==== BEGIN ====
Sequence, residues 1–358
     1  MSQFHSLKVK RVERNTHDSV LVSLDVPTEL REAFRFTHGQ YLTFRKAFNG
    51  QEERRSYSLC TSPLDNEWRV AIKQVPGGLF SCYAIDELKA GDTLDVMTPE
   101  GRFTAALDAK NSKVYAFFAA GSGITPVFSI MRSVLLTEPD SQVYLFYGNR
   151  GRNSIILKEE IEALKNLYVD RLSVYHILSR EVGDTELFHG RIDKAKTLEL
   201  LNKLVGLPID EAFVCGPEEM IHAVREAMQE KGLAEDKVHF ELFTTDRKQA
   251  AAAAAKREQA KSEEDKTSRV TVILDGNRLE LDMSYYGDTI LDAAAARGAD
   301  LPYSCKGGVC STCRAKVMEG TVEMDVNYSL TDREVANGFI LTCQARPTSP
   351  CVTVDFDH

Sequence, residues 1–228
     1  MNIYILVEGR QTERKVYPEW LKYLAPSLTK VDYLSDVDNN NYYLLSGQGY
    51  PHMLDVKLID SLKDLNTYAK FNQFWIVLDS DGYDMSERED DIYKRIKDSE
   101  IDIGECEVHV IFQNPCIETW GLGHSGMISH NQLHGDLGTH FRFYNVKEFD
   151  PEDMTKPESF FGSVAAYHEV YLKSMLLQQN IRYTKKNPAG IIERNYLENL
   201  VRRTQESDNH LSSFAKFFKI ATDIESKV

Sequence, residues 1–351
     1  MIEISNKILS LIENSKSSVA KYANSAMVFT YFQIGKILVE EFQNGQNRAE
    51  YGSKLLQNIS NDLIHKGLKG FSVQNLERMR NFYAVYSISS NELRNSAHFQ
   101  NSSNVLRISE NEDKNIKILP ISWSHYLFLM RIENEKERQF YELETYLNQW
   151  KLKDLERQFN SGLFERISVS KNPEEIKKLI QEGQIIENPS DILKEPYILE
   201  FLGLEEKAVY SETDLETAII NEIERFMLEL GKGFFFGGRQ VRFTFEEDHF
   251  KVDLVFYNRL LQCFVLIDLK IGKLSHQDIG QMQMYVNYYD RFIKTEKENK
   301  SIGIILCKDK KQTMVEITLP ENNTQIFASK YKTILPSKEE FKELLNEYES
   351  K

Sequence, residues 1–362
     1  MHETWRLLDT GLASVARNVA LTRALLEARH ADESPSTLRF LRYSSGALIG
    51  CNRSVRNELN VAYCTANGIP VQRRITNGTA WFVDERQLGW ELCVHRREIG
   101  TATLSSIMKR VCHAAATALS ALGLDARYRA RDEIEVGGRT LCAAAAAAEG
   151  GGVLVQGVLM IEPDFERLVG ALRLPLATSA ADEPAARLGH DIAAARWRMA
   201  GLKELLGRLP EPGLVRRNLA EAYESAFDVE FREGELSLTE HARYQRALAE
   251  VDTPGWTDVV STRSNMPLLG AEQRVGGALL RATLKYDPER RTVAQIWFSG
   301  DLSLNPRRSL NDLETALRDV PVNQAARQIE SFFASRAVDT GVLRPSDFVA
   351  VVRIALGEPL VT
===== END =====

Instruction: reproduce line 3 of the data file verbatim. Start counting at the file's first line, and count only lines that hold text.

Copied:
    51  QEERRSYSLC TSPLDNEWRV AIKQVPGGLF SCYAIDELKA GDTLDVMTPE